Mush Mush! Yes, Even YOU Can Dog-sled
Explore the backcountry this winter with the help of hard-working, huskies
By Kyle Kirves
“Don’t ski? Don’t bother.” That’s an old saw you’ll hear about Colorado from folks whose acquaintance with the state is limited to family trips to Vail, televised travel shows, or flashy outside magazines. But you can have a howlin’ good time in the high country even if you don’t shred the slopes. Authentic winter adventure awaits in Summit County (and beyond) whispering through the pines on the runners of a dog sled, even if you’ve never mushed before.
“We consider ourselves pretty lucky to live in an area surrounded by such beauty and with so much to experience,” according to Good Times Adventures in Breckenridge. “While our location is definitely out there, that’s exactly what makes it perfect for what we do.”
Good Times caters to all ages from 5 to 95, and trails range from flat tracks to rugged jaunts through the trees.
And the company likes to reassure the public that their dogs are people, too. “We work with one of the most respected ‘working dog’ kennels in the country, Snow Caps Sled Dogs,” Good Times reports. The dogs are treated well and enjoy racing around the backcountry. Good Times is home to 180 Siberian husky dogs – all born, bred, and trained on premises – and unlike a lot of professional athletes, they are all friendly, approachable, hard-working, and willing to pose for neck hugs and selfies. To keep them trim but ready, the dogs are fed a hearty meat soup, sometimes as much as four times daily.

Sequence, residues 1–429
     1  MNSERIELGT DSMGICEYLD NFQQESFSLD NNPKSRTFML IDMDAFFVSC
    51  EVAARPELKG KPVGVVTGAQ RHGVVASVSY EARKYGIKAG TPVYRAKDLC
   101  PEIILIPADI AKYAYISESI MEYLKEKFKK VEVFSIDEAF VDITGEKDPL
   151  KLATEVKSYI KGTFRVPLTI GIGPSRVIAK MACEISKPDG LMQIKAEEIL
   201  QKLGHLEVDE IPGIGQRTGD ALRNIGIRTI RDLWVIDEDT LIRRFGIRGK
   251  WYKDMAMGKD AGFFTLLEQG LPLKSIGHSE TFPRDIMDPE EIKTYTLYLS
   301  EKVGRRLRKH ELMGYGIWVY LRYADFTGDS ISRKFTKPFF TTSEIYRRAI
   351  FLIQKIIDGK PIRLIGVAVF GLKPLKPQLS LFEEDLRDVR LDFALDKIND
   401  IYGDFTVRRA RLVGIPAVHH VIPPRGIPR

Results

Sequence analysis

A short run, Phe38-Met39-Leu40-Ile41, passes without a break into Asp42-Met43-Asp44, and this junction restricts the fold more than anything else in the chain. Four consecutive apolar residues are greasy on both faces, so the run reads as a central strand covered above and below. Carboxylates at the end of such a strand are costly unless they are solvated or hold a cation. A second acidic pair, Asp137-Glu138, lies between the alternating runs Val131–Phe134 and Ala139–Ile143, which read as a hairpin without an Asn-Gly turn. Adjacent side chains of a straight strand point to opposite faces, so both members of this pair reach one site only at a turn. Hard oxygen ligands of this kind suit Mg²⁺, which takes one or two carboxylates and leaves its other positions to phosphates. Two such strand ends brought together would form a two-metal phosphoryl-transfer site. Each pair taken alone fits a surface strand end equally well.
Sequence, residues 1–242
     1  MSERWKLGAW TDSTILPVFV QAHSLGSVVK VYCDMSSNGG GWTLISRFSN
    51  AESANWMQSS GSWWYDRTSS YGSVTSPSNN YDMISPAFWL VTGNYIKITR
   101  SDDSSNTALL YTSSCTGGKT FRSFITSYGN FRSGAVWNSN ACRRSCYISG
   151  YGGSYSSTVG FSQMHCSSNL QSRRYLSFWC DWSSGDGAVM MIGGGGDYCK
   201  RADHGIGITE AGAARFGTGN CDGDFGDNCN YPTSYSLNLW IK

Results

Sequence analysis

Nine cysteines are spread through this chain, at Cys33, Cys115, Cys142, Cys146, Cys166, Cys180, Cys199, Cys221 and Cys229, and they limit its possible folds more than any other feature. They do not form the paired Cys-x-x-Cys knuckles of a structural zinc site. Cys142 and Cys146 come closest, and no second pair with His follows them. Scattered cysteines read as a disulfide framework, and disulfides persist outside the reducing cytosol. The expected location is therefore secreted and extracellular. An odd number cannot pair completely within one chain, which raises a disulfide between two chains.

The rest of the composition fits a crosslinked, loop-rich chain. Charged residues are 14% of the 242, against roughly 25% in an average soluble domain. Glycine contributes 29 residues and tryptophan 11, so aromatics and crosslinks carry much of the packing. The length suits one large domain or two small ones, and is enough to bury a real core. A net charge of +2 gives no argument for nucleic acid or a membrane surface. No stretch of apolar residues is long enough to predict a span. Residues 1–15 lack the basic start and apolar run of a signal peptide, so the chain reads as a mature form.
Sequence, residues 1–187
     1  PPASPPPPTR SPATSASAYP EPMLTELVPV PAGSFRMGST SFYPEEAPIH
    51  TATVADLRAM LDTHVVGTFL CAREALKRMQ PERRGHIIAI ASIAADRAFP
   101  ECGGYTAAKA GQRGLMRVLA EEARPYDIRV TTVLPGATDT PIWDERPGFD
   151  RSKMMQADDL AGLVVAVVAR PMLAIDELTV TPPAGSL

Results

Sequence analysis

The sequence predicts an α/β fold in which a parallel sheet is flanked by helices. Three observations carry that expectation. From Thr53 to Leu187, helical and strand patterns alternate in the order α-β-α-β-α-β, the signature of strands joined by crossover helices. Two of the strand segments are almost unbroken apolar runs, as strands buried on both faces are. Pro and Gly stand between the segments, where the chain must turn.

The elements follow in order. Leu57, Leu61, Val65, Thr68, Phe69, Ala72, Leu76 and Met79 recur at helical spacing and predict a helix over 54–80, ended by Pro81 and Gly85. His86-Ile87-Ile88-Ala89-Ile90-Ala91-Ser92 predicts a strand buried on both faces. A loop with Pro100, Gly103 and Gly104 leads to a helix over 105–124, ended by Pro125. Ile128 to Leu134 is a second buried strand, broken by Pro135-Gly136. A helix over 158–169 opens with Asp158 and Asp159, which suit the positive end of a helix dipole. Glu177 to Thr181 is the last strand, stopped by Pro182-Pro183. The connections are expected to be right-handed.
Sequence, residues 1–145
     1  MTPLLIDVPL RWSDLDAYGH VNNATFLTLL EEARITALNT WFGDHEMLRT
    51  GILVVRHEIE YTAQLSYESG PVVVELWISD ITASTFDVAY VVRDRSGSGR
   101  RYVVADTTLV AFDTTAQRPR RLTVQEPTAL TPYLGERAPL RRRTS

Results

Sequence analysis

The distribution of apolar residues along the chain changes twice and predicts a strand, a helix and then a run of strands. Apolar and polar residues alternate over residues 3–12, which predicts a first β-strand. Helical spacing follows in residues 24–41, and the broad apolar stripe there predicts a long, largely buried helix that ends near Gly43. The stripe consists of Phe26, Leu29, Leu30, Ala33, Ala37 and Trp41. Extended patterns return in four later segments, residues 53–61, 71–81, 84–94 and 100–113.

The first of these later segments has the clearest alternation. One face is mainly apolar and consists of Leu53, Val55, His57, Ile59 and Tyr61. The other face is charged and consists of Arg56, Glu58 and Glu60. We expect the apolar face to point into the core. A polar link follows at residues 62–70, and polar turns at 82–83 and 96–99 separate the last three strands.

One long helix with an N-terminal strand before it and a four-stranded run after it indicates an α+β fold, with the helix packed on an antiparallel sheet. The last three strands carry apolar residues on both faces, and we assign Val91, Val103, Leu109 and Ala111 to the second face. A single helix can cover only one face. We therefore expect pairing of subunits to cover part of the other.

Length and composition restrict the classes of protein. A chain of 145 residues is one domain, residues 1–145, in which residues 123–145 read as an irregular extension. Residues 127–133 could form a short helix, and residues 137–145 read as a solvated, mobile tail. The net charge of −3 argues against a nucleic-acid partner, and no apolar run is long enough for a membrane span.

Not surprisingly, the dogs have more stamina, strength, and ability than the mule teams they replaced in the late 1800s.
The Breckenridge-area tours are highly interactive experiences for guests as they wind their way through the peaceful Swan River Valley. Unlike some dog-sled operations around the country, Good Times provides a hands-on experience by letting guests drive the sleds. Guides on snowmobiles lead the pack, providing a safe adventure.
Tours run December through March, and three teams with guides are on the trail from 9 a.m. to 4 p.m. It makes for an early start at Good Times Adventures, often as early as 5 a.m. so employees can get everything ready. While you wait for your team, you can hang out in Good Times Adventures welcoming lodge. Also, if you’ve forgotten something or maybe need a gear loan, they can fix you up.
Good Times Adventures also offers a summer program featuring tours on dog carts, meet and greets with the dogs, and a kennel tour at Snow Caps Sled Dogs.
In winter, each tour takes about an hour and it is spent entirely with the team. Riders do a six-person relay with guests switching off between being the musher, passenger, and riding with the guide on a sled behind the supporting snowmobile.
So, if you’re looking for a break or alternative to the slopes this winter, embrace your inner Yukon gold-rusher and consider running with the huskies. Going to the dogs never sounded like so much fun.
Kyle Kirves drinks beer, plays guitar, runs trails, and manages projects – all with varying degrees of success. While not a craftsman himself, he is quite content writing about the Colorado artisans who create such wonderful things and memorable experiences.